Restoring interest in nature
Teresa Wisnewski Vaughn (from left), Curt Carter and Al Shearer opened the Land for Learning Institute. (Provided)

Americans are losing their connection to nature. That idea is so repugnant to Curt Carter, he started his own business. The Anna-Jonesboro-based Land For Learning Institute, which he opened with Al Shearer and Teresa Wisniewski Vaughn, is designed to rekindle an interest in the natural world.

"In the last 10 years, especially since 9/11, the interest for outdoor programming has really gone down," Carter said. "It's changing times and a shift in societal interests."

Former employees of Southern Illinois University's Touch of Nature, the trio decided to take matters into their own hands. So far, the response has been favorable.

"We did 39 Cache River Wetland canoe adventures last year," Carter said. "We've grown from there. This coming programming season, we'll be larger than we ever were at Touch of Nature. We've turned that whole direction around."

The Land For Learning Institute immerses clients, from small family groups, to large church or school groups, in the outdoor world.

"We've stayed with the original focus of what camping should be about, getting kids in the out of doors, getting them out in the woods, out on the lake and getting them in touch by direct contact," Carter said. "Every night, we still have campfires.

"The kids on our river trips, they help cook. They help clean and they have to set their own tents up. It's all cooperative learning."

Typical clients include outdoor or biology clubs from high schools.

A typical trip might include canoeing on Cache River, an owl prowl, campfires, rock climbing, environmental studies and plenty of swimming or fishing.

"Some of these kids have never been outside at night without lights," Carter said. "They flip out."

Close contact with owls in the night-time forest literally opens some eyes.

"These kids are like grabbing my arm," Carter said. "They're like, 'Is that real?'"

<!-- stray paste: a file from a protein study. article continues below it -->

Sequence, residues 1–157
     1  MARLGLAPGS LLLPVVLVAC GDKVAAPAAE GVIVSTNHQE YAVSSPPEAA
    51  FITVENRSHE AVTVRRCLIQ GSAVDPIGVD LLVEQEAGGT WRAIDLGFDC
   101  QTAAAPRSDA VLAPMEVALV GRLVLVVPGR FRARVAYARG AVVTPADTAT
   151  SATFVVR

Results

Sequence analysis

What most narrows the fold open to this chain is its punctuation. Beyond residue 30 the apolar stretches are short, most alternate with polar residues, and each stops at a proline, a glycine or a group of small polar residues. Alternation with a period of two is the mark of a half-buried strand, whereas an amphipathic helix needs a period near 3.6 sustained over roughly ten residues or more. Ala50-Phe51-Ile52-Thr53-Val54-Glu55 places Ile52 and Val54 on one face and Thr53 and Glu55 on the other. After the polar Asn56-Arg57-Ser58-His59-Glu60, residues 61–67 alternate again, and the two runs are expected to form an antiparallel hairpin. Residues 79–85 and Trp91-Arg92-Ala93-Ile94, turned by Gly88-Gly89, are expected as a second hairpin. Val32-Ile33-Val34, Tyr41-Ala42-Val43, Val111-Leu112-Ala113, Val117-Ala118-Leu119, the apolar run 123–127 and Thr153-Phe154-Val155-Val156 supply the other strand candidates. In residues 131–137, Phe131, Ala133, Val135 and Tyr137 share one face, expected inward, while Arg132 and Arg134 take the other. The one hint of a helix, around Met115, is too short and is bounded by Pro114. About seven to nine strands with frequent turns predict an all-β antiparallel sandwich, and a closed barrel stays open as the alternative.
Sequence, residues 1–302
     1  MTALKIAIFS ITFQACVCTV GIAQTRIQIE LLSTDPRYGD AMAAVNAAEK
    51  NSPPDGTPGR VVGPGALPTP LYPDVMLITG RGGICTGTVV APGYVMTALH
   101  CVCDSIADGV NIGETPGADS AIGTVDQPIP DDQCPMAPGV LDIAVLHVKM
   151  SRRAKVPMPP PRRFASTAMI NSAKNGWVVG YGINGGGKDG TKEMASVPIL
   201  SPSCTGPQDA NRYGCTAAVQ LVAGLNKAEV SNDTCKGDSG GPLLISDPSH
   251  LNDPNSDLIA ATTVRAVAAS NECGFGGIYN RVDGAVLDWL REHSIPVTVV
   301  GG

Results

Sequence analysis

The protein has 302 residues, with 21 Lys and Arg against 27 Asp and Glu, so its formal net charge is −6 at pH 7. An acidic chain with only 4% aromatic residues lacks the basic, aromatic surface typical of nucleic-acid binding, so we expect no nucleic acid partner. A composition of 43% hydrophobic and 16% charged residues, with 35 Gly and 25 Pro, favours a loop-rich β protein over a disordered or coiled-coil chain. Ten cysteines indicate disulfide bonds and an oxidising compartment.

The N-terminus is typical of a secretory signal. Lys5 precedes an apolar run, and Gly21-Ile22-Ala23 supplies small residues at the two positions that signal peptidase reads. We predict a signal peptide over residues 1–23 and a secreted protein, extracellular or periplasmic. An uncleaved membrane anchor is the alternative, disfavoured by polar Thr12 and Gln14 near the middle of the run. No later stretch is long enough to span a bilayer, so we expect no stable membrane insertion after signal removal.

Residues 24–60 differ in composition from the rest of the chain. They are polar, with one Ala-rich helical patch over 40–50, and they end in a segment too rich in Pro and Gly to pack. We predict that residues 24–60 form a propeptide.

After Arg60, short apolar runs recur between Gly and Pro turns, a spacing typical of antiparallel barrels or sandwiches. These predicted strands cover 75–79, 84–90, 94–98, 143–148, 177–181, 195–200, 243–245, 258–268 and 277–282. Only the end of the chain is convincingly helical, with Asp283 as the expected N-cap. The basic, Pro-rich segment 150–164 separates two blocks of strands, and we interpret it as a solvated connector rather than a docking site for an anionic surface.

He recalls another occasion when he shared a canoe with a young man on Little Grassy Lake.

"He looked up and said, 'What is that?'" Carter said. "I said, 'That's the Milky Way.' He had never seen the Milky Way.

"It's those kinds of moments, that's why I do what I do. Sometimes we forget these kids in this iPod world, they don't have these experiences. Why I continue to do it, this generation of kids coming through now that will be in decision-making positions, don't have these experiences. That legacy isn't being passed on as consistently as it used to be."

Some of Carter's campers are experienced, some are inexperienced. Most learn that real life is different from what they've seen on television.

"I had a big old black rat snake," Carter said. "This one kid was standing way back. He said, 'That's nothing, I saw Steve Irwin grab a crocodile.' I walked up to him and said, 'Here, hold this.'"

"It all changed. I try to turn the TV vision off and show them the real thing."

He also tries to put all the campers on common ground. That means all campers give up their watches immediately.

They operate on nature's time.

"Just those little simple changes, they step out of their comfort zone," Carter said. "By the end of the week, they're ready to stay longer."

The Land For Learning Institute's outdoor programs operate from March 15 through Nov. 15.

More information is available at www.landforlearning.org, or by calling (618) 833-8030.

(618) 529-5454 ext. 5088

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